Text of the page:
Of course, social workers dealing with alcoholics often have the reward of seeing their efforts help their clents. In the case of heroin, the case is otherwise. Barber explains in an example typical of the thoroughness of the book, just what opiate narcotics are:
Common type and names
As used here, the term 'opiate narcotic' refers to natural or synthetic drugs which behave in the body like morphine - the major active agent derived from the opium poppy. Examples include: heroin (street names include 'junk', 'skag', 'H', 'Smack'), morphine, methadone, pethidine, dextromoramide (Palfium), codeine, paracetamol, and aspirin. Opiates are prescribed mainly for pain relief; also for diarrhoea and as a cough suppressant.
(b) Method of ingestion
Oral, inhalation or injection.
(c) Short-term effects
Opiates briefly stimulate the brain but then quickly depress the activity of the central nervous system. Immediately after injecting an opiate (especially heroin) the user feels a surge or 'rush' of pleasure often compared to orgasm. This state gives way to a euphoric state of feeling replete and satisfied. Initial side-effects may include restlessness, nausea and vomiting. At moderate doses the user drifts between wakefulness and drowsiness. At still higher doses, breathing is depressed and profound respiratory failure resulting in death can follow overdose.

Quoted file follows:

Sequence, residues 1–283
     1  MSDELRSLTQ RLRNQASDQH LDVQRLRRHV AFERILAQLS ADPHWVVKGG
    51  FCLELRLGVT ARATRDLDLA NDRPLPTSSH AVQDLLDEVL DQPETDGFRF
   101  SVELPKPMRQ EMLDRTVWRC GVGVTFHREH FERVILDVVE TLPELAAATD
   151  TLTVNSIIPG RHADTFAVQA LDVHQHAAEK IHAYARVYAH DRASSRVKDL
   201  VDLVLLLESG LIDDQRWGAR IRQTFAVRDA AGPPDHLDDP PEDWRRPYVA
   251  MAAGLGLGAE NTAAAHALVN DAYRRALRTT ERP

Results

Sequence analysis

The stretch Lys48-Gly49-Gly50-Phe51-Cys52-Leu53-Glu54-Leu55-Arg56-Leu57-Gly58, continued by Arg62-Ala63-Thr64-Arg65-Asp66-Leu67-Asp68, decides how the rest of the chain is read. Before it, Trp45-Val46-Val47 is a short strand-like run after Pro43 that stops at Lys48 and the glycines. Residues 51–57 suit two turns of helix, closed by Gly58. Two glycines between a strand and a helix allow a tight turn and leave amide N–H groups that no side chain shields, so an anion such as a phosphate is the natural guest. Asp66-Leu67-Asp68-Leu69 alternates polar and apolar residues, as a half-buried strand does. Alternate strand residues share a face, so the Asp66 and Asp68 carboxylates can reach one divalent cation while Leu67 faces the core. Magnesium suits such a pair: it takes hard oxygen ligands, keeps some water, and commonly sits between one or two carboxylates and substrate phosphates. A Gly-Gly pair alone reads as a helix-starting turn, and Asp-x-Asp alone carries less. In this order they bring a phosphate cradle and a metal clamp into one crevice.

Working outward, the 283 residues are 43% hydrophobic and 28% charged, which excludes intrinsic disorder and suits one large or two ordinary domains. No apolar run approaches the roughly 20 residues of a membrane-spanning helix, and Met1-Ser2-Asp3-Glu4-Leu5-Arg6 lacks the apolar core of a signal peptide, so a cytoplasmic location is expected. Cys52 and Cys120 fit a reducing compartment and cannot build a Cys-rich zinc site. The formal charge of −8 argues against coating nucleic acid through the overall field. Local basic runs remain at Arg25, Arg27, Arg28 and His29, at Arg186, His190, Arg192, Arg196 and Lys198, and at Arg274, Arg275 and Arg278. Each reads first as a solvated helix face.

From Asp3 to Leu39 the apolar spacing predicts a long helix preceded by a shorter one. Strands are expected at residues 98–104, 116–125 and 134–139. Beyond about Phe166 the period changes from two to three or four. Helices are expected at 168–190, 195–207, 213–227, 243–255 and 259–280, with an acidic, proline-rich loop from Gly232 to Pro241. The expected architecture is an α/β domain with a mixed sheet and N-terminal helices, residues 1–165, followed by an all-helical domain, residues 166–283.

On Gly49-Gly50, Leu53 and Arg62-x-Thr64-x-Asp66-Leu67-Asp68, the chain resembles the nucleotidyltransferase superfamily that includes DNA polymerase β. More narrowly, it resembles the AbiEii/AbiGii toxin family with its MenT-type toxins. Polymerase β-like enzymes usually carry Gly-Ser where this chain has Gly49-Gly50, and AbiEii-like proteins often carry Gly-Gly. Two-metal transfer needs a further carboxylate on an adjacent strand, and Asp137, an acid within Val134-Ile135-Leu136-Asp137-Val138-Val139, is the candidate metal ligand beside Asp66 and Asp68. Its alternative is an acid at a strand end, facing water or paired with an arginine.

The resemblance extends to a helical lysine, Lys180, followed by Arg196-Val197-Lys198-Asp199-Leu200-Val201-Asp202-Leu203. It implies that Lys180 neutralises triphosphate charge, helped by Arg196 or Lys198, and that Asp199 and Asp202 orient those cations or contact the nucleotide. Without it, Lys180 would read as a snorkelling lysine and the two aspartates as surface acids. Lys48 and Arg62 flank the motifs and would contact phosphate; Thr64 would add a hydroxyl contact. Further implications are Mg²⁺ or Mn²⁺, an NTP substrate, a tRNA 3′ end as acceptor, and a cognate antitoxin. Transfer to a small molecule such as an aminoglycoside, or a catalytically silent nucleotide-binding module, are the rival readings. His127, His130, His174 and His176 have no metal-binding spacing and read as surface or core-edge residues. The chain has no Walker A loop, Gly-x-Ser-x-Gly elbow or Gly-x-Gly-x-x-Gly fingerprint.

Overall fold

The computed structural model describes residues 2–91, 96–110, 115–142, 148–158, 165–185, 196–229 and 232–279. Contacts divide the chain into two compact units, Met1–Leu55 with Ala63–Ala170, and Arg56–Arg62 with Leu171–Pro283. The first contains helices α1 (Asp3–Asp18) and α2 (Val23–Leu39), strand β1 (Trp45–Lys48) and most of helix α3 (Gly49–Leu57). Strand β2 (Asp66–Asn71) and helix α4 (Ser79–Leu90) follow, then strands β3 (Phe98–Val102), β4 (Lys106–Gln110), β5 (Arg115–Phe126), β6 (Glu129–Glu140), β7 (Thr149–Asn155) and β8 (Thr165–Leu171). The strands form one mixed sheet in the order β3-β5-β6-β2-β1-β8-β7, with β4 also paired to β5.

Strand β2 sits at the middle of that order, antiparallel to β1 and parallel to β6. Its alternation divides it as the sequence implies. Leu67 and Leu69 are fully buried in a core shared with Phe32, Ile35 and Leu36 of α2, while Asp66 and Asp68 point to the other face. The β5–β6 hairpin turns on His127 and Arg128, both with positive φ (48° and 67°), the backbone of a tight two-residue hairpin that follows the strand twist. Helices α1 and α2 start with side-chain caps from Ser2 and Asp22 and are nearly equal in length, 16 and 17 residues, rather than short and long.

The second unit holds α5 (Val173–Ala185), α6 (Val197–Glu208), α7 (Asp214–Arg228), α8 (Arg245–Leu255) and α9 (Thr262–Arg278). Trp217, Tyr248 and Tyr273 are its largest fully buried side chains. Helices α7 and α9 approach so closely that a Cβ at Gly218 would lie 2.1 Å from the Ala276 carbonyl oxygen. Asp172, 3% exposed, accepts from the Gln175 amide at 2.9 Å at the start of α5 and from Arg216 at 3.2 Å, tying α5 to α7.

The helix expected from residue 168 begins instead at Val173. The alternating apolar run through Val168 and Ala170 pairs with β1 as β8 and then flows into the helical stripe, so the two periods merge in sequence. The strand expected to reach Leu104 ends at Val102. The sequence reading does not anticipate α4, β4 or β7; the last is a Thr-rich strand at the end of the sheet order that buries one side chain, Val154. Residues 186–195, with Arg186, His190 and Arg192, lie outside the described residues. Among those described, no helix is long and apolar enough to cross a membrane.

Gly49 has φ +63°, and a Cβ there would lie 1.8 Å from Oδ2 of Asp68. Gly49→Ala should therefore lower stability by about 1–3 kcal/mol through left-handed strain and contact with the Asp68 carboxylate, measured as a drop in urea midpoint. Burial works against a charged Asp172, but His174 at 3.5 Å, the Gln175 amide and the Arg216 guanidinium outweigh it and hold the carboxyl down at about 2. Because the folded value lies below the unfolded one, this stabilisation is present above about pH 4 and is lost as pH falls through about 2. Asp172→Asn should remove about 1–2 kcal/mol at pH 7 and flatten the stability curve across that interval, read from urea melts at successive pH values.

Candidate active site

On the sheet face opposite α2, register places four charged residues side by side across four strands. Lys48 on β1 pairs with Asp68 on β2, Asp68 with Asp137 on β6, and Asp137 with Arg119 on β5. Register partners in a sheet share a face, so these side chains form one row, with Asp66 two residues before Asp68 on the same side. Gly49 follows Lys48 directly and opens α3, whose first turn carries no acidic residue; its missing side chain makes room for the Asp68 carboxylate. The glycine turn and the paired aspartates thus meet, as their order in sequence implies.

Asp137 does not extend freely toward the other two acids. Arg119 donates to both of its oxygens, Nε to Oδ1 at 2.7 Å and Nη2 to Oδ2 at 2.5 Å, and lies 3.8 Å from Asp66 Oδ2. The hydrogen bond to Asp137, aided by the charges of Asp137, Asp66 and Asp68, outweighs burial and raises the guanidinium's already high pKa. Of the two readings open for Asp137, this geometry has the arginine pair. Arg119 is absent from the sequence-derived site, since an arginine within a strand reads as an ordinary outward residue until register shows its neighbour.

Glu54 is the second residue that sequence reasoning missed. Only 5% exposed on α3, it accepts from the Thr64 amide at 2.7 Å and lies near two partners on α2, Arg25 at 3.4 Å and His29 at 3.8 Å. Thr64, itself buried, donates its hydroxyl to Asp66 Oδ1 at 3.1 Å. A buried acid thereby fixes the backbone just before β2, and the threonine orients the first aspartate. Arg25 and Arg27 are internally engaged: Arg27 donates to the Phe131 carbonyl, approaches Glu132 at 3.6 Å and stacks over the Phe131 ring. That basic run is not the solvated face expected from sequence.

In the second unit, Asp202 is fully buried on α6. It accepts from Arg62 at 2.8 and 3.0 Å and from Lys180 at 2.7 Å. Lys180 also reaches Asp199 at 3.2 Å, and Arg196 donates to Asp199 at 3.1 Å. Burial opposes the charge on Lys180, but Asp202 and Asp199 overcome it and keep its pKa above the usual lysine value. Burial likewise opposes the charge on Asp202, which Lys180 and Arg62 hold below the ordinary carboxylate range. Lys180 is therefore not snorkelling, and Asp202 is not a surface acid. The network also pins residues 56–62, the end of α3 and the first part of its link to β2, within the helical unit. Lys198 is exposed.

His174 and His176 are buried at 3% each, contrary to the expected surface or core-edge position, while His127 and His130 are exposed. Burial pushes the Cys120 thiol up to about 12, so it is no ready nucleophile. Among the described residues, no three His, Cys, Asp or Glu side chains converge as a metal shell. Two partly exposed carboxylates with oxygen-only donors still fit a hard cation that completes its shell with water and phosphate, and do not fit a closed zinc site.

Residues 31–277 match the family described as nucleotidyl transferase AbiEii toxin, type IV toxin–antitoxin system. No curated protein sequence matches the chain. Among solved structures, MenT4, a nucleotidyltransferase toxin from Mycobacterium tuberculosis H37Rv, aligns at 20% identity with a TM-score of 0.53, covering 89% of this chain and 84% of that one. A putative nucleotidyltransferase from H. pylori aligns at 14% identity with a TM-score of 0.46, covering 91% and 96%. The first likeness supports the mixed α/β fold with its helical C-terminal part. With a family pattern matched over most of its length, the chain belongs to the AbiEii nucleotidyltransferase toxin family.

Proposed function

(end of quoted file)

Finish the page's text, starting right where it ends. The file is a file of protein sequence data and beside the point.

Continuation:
(d) Longer-term effects
With regular use, tolerance develops to many of the desired effects. Nevertheless, withdrawal symptoms are reasonably mild and may include: uneasiness, yawning, tears, diarrhoea, abdominal cramps, goosebumps and running nose. Withdrawal has been compared to a dose of the flu. Besides respiratory failure, the most serious risk to health involves infection (especially HIV) from needle-sharing.
To sum up: this is a timely work, now placed in a market where it can do much good. Certainly it is not up to social workers to question why addicts are addicted and to provide global panaceas to western societies. Barber's use of the combat metaphor is apt and his work transcends national boundaries to such an extent, for example, that glue-sniffing aboriginals alienated by the failure of Australian political willpower in the area of reconciliation, have their counterpart in Swedish crack users disconcerted by the dehumanizing characteristics of - to use Roland Huntford's expression - the few totalitarians of the Swedish welfare state.